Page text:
2022 ICD-10-CM Code E56.0

Deficiency of vitamin E

Version 2021

Valid for Submission

ICD-10:E56.0
Short Description:Deficiency of vitamin E
Long Description:Deficiency of vitamin E

Code Classification

  • Endocrine, nutritional and metabolic diseases (E00–E90)
    • Other nutritional deficiencies (E50-E64)
      • Other vitamin deficiencies (E56)

E56.0 is a billable diagnosis code used to specify a medical diagnosis of deficiency of vitamin e. The code E56.0 is valid during the fiscal year 2022 from October 01, 2021 through September 30, 2022 for the submission of HIPAA-covered transactions.

The ICD-10-CM code E56.0 might also be used to specify conditions or terms like anemia due to vitamin e deficiency, ataxia with vitamin e deficiency, decreased vitamin e, deficiency of selenium and/or vitamin e, deficiency of selenium and/or vitamin e , deficiency of selenium and/or vitamin e, etc.

Index to Diseases and Injuries

The Index to Diseases and Injuries is an alphabetical listing of medical terms, with each term mapped to one or more ICD-10 code(s). The following references for the code E56.0 are found in the index:

Approximate Synonyms

The following clinical terms are approximate synonyms or lay terms that might be used to identify the correct diagnosis code:

Convert E56.0 to ICD-9 Code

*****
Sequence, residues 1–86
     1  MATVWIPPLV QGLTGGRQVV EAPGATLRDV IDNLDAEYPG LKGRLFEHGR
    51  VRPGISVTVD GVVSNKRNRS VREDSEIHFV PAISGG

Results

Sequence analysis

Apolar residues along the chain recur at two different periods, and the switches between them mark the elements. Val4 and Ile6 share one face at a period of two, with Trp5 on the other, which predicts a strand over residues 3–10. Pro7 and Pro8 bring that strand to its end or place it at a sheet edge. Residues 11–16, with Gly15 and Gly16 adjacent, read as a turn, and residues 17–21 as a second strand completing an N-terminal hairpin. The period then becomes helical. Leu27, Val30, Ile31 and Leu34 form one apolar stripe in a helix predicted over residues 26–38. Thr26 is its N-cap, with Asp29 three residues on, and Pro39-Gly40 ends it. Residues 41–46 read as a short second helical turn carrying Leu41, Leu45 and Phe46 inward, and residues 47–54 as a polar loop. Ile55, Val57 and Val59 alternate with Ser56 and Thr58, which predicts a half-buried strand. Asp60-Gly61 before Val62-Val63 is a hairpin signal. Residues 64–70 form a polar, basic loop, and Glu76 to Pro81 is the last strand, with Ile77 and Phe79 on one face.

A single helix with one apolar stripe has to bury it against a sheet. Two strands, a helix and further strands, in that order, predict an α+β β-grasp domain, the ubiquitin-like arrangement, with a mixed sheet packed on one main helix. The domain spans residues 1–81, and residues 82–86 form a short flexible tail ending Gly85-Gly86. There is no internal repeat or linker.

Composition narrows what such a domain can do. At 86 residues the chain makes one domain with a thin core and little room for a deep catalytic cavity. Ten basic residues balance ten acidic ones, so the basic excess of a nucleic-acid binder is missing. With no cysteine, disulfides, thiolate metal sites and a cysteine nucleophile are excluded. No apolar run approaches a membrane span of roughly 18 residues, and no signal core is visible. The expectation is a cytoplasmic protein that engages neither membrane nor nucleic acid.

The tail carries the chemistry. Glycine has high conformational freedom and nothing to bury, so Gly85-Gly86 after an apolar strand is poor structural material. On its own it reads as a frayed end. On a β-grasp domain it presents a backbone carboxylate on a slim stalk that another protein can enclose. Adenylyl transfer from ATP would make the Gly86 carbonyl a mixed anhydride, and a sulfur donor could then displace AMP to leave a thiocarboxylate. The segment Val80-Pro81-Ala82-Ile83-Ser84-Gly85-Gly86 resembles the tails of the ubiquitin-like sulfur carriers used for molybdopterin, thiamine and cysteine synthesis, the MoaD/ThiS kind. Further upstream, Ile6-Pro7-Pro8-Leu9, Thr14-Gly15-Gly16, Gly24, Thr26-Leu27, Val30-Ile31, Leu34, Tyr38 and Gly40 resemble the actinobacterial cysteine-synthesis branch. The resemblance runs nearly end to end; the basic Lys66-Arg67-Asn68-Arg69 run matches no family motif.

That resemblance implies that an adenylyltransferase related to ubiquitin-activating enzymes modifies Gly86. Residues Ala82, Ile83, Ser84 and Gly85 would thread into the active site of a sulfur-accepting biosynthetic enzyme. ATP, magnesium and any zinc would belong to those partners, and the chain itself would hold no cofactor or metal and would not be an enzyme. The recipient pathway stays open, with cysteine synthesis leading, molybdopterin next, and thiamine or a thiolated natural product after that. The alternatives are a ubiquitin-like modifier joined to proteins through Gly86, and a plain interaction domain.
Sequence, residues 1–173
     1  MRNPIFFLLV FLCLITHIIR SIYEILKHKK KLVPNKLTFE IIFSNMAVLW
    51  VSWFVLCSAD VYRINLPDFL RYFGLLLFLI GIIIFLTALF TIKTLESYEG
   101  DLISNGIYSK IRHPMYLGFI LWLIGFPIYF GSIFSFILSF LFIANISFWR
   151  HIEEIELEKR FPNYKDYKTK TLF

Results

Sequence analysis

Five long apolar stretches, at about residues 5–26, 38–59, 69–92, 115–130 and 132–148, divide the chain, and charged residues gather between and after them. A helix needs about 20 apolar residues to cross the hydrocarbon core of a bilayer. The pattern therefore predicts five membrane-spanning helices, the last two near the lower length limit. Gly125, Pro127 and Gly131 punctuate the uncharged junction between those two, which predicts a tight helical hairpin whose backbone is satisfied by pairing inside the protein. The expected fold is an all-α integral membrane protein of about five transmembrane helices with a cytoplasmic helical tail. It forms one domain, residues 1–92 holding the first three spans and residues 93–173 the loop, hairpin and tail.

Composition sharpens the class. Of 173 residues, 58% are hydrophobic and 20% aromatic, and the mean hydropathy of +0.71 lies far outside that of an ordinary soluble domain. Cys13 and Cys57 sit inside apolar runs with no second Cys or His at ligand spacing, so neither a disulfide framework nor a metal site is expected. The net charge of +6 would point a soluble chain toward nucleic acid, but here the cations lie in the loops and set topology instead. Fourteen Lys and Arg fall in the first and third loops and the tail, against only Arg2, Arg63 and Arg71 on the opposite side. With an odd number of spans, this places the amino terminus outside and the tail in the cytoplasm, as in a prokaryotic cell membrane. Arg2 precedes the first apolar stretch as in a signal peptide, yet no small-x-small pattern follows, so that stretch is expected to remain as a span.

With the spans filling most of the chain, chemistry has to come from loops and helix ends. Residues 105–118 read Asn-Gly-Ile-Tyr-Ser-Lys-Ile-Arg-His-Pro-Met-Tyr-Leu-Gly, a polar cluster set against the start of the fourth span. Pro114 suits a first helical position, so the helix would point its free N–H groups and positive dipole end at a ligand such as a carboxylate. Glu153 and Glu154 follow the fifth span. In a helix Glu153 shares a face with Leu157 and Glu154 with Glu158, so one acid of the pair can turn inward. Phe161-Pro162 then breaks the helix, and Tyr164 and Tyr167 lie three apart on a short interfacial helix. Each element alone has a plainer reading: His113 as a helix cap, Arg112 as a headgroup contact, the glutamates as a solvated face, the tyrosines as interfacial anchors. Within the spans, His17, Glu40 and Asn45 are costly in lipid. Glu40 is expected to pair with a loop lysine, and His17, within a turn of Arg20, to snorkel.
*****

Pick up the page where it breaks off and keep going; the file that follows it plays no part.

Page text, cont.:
The General Equivalency Mapping (GEM) crosswalk indicates an approximate mapping between the ICD-10 code E56.0 its ICD-9 equivalent. The approximate mapping means there is not an exact match between the ICD-10 code and the ICD-9 code and the mapped code is not a precise representation of the original code.

Information for Patients


Malnutrition

Food provides the energy and nutrients you need to be healthy. If you don't get enough nutrients -- including proteins, carbohydrates, fats, vitamins, and minerals - you may suffer from malnutrition.

Causes of malnutrition include:

Symptoms may include fatigue, dizziness, and weight loss. Or, you may have no symptoms. To diagnose the cause of the problem, your doctor may do blood tests and a nutritional assessment. Treatment may include replacing the missing nutrients and treating the underlying cause.


[Learn More in MedlinePlus]

Vitamin E

Vitamins are substances that your body needs to grow and develop normally. Vitamin E is an antioxidant. It plays a role in your immune system and metabolic processes.

Good sources of vitamin E include

Vitamin E is also added to foods like cereals. Most people get enough vitamin E from the foods they eat. People with certain disorders, such as liver diseases, cystic fibrosis, and Crohn's disease may need extra vitamin E.

Vitamin E supplements may be harmful for people who take blood thinners and other medicines. Check with your health care provider before taking the supplements.

NIH: National Institutes of Health Office of Dietary Supplements


[Learn More in MedlinePlus]

Code History

  • FY 2021 - No Change, effective from 10/1/2020 through 9/30/2021
  • FY 2020 - No Change, effective from 10/1/2019 through 9/30/2020
  • FY 2019 - No Change, effective from 10/1/2018 through 9/30/2019
  • FY 2018 - No Change, effective from 10/1/2017 through 9/30/2018
  • FY 2017 - No Change, effective from 10/1/2016 through 9/30/2017
  • FY 2016 - New Code, effective from 10/1/2015 through 9/30/2016 (First year ICD-10-CM implemented into the HIPAA code set)